It’ll be the kind of weekend you want to throw on a cozy sweater and grab a hot beverage. Perfect for some leaf peeping.

Pretty much everyone in the D.C. area is seeing at least some faint shades of fall color, with more vibrant hues over western parts of the region and peak foliage in higher elevations.

This weekend, sunny skies and cool temperatures will help accentuate the expanding color.

Where to look

Over the past week, fall color has grown from spotty to patchy locally. Some of our western areas are seeing more significant change.

This year we sadly lost the weekly reports of the Foliage Network because of the diminishing numbers of spotters. However, reader Kyle Cotner has taken up the effort himself in a personal newsletter. His maps below show the general progression of the season so far across the region:

Western and west central Maryland

According to the latest foliage update from Maryland’s Department of Natural Resources, fall color has already past peak in the high elevations of the western part of the state, and leaf drop has taken over. But the color is vibrant and near peak below mountain tops and at somewhat lower elevations.

The Maryland DNR states Washington and Frederick counties are approaching peak color. “Cunningham Falls [in Frederick County] is really changing now,” park manager Mark Spurrier reported. “Beech and hickory trees are turning bright gold.”

Western Virginia and the Blue Ridge

The Virginia Department of Forestry reports color is approaching peak in Southwest Virginia at elevations above 3,000 feet. “In the Blue Ridge, the percent change is a little lower, but the mixture of green with other colors makes for fantastic viewing,” it says.

Webcam views along the Skyline Drive show colors near or even a little past peak at the high spots, with vibrant foliage at somewhat lower elevations (see recent foliage photos from Shenandoah National Park here).

Immediate Washington area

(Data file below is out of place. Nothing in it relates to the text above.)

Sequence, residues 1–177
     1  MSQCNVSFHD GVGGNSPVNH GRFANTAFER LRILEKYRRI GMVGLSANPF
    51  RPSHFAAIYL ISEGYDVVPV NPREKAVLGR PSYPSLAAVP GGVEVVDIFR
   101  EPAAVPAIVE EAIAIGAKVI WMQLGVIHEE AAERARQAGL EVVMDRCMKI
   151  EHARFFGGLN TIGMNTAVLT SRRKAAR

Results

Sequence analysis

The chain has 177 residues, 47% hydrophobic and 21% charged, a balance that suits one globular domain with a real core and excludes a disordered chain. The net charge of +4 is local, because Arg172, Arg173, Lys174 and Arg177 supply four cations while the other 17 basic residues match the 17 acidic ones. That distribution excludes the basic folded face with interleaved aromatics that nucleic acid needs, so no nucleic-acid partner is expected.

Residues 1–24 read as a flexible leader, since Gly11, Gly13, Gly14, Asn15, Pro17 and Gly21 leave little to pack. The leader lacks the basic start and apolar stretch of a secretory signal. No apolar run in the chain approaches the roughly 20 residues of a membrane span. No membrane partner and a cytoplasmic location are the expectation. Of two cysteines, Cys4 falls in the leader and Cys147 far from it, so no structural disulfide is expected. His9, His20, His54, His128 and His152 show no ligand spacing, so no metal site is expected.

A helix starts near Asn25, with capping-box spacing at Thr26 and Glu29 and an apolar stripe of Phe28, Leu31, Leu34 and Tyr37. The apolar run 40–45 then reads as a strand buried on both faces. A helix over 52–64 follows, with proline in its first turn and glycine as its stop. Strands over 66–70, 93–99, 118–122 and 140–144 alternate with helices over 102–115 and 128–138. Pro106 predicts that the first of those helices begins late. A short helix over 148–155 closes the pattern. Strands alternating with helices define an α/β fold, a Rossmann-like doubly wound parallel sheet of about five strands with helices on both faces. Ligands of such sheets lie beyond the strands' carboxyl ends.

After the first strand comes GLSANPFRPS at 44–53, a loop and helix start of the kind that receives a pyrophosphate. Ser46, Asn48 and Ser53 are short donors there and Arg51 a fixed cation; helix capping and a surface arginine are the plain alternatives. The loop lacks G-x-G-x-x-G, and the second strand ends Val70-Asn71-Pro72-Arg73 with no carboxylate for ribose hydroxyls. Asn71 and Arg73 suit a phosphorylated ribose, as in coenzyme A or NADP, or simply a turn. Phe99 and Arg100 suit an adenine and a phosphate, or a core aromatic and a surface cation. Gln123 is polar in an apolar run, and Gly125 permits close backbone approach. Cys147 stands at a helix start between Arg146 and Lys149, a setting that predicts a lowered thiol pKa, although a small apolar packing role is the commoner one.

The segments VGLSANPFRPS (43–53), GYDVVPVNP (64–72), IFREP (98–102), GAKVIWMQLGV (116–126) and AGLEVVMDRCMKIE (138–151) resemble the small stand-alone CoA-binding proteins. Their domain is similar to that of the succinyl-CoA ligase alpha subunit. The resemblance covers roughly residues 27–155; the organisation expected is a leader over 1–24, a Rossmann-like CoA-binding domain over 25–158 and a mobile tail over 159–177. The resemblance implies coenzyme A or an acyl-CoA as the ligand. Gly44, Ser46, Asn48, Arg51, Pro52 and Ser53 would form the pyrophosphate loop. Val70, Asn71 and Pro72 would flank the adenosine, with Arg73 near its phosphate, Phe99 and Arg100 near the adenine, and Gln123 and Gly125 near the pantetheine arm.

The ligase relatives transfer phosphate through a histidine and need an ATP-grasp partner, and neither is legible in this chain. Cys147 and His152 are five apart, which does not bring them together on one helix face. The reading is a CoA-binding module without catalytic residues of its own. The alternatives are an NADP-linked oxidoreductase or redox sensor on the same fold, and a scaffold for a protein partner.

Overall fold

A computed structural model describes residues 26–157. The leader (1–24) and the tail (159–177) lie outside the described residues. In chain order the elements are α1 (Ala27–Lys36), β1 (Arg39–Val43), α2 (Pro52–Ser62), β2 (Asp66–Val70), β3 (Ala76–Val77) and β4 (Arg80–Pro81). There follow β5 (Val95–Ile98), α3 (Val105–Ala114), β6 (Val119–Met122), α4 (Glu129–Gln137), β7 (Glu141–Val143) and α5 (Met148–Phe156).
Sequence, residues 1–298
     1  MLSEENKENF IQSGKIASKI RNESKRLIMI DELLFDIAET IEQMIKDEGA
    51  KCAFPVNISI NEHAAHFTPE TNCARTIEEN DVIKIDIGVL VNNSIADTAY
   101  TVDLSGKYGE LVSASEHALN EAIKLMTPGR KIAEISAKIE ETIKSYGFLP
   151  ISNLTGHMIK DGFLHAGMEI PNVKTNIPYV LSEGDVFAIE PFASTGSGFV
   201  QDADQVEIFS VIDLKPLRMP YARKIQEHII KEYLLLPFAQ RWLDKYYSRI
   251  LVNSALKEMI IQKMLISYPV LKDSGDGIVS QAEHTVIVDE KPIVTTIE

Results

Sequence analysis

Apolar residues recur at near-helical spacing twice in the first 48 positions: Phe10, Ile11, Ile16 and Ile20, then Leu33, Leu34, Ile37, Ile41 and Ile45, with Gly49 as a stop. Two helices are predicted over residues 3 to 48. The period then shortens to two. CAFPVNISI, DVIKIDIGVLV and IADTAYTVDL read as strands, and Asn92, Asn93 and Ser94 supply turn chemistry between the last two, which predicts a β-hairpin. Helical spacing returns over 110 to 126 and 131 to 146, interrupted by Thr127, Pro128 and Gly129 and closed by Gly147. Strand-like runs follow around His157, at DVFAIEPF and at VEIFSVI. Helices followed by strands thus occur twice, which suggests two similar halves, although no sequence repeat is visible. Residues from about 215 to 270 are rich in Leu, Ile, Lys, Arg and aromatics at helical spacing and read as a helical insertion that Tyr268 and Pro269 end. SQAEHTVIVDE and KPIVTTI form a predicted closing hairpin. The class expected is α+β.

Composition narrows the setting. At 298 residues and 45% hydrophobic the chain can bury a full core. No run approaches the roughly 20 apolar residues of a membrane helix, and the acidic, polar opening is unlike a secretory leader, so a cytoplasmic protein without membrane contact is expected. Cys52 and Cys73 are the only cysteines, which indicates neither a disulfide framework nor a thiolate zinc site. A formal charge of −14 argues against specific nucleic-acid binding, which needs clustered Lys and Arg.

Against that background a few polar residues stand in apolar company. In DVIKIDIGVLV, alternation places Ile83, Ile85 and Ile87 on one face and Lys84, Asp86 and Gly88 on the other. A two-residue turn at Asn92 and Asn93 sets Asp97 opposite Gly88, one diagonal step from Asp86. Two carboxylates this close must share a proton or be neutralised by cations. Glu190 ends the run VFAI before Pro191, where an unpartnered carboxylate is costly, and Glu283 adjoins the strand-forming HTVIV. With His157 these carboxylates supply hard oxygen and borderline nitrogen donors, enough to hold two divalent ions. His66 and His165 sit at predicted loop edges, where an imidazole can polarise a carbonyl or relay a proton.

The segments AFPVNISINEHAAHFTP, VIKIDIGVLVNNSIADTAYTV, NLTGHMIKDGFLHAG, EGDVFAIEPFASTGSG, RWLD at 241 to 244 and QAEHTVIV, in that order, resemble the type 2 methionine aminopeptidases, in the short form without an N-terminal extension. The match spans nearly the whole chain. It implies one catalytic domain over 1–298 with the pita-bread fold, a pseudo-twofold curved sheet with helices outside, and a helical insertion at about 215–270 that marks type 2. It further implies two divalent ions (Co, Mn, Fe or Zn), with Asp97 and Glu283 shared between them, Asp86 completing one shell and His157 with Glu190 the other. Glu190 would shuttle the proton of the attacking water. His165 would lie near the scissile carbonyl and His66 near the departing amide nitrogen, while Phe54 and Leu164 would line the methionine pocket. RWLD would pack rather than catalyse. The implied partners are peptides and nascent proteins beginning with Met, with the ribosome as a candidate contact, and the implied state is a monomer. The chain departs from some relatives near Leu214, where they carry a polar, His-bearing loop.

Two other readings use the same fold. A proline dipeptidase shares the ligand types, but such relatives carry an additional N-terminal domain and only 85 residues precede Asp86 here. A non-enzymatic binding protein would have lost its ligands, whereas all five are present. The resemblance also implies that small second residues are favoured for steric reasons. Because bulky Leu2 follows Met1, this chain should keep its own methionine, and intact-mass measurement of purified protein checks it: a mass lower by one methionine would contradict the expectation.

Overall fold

In the immediate area, we see moderate color emerging in our western areas, with lesser color change east and south of Interstate 95. Maples continue to shine brightly in and around Washington as they approach peak along with other early-turners.

Thus far, colors are generally reported to be bright, compared with past years. After a wet summer, this fall has delivered an abundance of sunny, mild days and clear, crisp nights — a great recipe for intense autumn hues.

Forecast for the weekend and beyond

It will be a picture-perfect fall weekend, ideal for taking a hike at a local park or a road trip into the mountains. That said, you’re probably going to want to dress in layers.

It will be a cold start, if you’re headed out early Saturday. Temperatures will be in the 30s over much of the area and even near freezing at higher elevations.

Sunny skies will help temperatures rise to near 60 Saturday, except 50s in the mountains. On Sunday, it will be a little less chilly. Sunny skies will persist with highs from 60 to 65.

After this weekend, much of next week appears warm without major storminess. By next weekend we may be talking about another cool down.

Favorite places?

Last week a reader wondered about the best places to see fall color. There are, of course, the well-known spots like the Blue Ridge Parkway and Skyline Drive in Shenandoah National Park in Virginia (which seems likely to be packed this weekend), but that’s just a small slice of what this region has to offer.

I asked Capital Weather Gang photographer Kevin Ambrose about some of his favorite spots locally and where he might be headed soon. Kevin told me he was recently in Capon Springs, about 80 miles as the crow flies to the west of D.C. The colors looked fantastic.

“That’s one of my favorite places to shoot foliage before fall color peaks in the D.C. area,” he wrote in an email. As we get deeper into fall, toward the end of the month and into early November, the show pushes into the immediate area.

“My two favorite fall foliage locations are Great Falls and the Tidal Basin,” Ambrose wrote.

As a carless city person myself, I agree with Ambrose about the Tidal Basin. Then there’s Arlington National Cemetery and many nooks within Rock Creek Park. It also may be the best time of year to wander neighborhoods taking in all the ever-changing sights, sounds and smells.

Do you have any particular favorite fall spots? We would love to know. Perhaps they can be detailed further in a future post as peak color arrives in the immediate area during the weeks to come.

Some additional recent foliage photos

Keep up with the leaf change through the government websites for Maryland, Virginia and West Virginia. We’ll have Friday updates at Capital Weather Gang through the season.